Tattoo Removal: Are You Covered by Insurance?

tattoo removalThere are several reasons for wanting to remove a tattoo. For some, the tattoo could represent a painful time that they’d like to put behind them, for others a new job or a religious change could prompt the tattooo removal. There are also medical reasons for removing a tattoo: if you are prone to skin cancer, the ink from a tattoo can actually hide malignant moles.

In truth, the reasons for having a tattoo removed are as varied and personal as the reasons for getting a tattoo in the first place.

If you are considering having a tattoo removed, here are some options and information on whether or not the tattoo removal method you choose will be covered by health insurance.

Dermabrasion for Tattoo Removal

Similar to using a loofa sponge or brush to rub away dead skin cells, dermabrasion uses a skin polishing tool to rub away the top layer of skin (and the tattoo ink along with it). Because dermabrasion removes a deeper layer of cells than a simple skin sloughing implement would, the procedure is more invasive and is usually done in a dermatologist’s office. However, even though dermabrasion is usually performed in a licensed dermatology facility, it is considered a cosmetic procedure, and is generally not covered by health insurance.

If you decide to move forward with dermabrasion without insurance coverage, here are some things to consider:

  • It is comparatively cheaper than other forms of tattoo removal
  • It requires several sessions to completely remove the tattoo, and there could be faint traces of pigment left in the skin
  • You must wait several weeks between sessions, to allow the skin to heal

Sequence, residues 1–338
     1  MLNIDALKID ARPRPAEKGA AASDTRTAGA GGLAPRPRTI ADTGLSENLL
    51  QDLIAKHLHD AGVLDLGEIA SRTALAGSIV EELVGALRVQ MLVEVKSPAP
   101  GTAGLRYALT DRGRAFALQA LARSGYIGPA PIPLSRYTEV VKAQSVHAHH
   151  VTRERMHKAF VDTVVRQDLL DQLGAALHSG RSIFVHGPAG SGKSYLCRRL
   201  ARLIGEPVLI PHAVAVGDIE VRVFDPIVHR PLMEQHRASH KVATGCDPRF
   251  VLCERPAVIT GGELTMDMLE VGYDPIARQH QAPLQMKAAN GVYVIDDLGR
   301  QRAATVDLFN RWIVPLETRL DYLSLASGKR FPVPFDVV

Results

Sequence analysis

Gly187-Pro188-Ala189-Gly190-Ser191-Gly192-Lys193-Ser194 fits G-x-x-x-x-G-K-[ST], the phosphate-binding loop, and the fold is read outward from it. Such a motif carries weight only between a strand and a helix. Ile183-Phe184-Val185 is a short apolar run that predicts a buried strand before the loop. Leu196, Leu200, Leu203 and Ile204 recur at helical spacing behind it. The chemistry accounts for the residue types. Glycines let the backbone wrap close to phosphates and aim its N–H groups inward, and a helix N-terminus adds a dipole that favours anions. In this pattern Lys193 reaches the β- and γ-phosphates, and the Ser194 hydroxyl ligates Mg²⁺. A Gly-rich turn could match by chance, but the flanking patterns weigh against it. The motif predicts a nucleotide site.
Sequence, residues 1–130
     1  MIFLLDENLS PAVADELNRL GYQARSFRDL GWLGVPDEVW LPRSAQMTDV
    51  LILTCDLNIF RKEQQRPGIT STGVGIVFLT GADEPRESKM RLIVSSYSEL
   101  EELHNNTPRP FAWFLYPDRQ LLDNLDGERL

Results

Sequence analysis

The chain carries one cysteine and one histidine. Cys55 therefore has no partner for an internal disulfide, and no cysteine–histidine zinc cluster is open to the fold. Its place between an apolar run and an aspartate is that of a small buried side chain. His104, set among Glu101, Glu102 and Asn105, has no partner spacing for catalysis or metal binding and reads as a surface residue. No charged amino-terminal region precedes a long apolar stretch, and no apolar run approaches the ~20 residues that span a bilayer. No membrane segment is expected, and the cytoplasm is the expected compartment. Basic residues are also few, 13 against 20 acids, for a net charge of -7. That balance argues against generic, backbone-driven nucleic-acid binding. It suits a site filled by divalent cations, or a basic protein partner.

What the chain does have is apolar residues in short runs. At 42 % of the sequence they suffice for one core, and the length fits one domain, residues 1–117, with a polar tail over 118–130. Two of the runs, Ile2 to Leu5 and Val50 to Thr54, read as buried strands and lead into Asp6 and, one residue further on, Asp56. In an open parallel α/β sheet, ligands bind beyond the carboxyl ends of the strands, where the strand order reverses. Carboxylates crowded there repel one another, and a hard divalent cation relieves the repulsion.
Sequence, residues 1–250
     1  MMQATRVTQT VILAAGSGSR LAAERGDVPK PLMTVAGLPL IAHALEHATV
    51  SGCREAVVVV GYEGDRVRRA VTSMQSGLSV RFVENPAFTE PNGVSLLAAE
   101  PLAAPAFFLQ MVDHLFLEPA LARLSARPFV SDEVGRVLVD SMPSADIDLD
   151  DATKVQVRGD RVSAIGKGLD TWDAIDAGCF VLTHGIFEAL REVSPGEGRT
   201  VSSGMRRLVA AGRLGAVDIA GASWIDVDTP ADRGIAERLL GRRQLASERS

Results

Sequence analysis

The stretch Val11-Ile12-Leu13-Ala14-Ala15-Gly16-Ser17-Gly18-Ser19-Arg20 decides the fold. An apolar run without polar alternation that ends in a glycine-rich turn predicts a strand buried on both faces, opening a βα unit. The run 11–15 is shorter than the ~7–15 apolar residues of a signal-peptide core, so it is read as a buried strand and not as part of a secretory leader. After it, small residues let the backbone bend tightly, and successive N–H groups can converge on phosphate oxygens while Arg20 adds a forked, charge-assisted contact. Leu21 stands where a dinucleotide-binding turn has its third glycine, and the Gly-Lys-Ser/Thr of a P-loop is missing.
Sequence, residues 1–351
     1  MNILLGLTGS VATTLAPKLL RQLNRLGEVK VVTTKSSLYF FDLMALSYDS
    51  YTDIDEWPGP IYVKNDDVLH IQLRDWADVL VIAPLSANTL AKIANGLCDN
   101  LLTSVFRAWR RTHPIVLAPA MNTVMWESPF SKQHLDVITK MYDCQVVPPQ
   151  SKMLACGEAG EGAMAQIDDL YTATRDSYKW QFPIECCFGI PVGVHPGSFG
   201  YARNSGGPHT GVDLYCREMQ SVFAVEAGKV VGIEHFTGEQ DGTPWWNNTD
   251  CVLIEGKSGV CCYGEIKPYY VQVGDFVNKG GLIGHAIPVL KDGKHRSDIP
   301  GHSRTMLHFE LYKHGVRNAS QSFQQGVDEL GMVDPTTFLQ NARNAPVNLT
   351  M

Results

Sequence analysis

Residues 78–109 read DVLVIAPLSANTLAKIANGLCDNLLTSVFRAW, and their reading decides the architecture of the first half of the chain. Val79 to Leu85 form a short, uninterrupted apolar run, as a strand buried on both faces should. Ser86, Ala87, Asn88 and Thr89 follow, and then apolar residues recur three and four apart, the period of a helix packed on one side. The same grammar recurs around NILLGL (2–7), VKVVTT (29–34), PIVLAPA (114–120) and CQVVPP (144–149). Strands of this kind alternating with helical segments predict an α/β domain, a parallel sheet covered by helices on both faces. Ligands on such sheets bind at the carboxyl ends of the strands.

• The procedure requires the use of anesthesia. Small tattoos might only require a local anesthetic, to numb the target area. Larger tattoos might require you to be put under general anesthesia.
  • Side effects include: pain, scarring, loss of skin pigmentation, swelling, rash, and infection. It is also possible to have an allergic reaction to the anesthetic
  • People with active acne, burn scars, or thin skin at the dermabrasion site should avoid the procedure

Laser Tattoo Removal

Tattoo pigments are sensitive to light – this is one of the reasons people are cautioned to protect new tattoos from direct sunlight. When exposed to laser light, the tattoo pigments absorb the light which causes them to break down into tiny particles, which are then absorbed into the skin. Laser tattoo removal is usually performed by a licensed dermatologist or by a cosmetic surgeon. Laser removal is generally not covered by health insurance, unless your doctor can verify that there are medical reasons for having the tattoo removed.

Here are some things to consider before trying laser tattoo removal:

  • Laser tattoo removal is more expensive than dermabrasion (up to $1,500 per session), but it is also more effective
  • Laser tattoo removal is also less likely to produce scarring than dermabrasion and some other methods
  • Different pigments respond differently: black pigment absorbs light easily, and is easily removed; Lighter pigments, such as yellows, deflect light and do not break down as easily with laser
  • Depending on the size, location, and color of the tattoo, you could require several sessions for complete removal
  • Risks include: pain, loss of skin pigmentation or areas of darker pigmentation, burns, scarring, and infection

Tattoo Removal Surgery

Surgery is the fastest way to remove a tattoo because the surgeon simply cuts the image out of the skin. Depending on the size and location of the tattoo, the procedure could be done in a cosmetic surgeon’s office, with local anesthesia; or in a hospital setting under general anesthesia. Surgical tattoo removal is usually not covered by insurance, unless the removal is part of a necessary medical procedure, such as the removal of damaged skin after an accident or injury, or the removal of cancerous tissue.

Here are some things to consider before trying surgical removal:

  • Surgery is more expensive than dermabrasion, but could be less expensive than laser removal depending on the size of the tattoo, and other factors
  • There is a possibility of scarring
  • Surgical removal might also require the use of skin grafts to replace the skin that was removed
  • Because of the scarring, and possible need for grafts, surgery is not recommended for large or highly visible tattoos
  • Risks include: pain, skin discoloration, and infection
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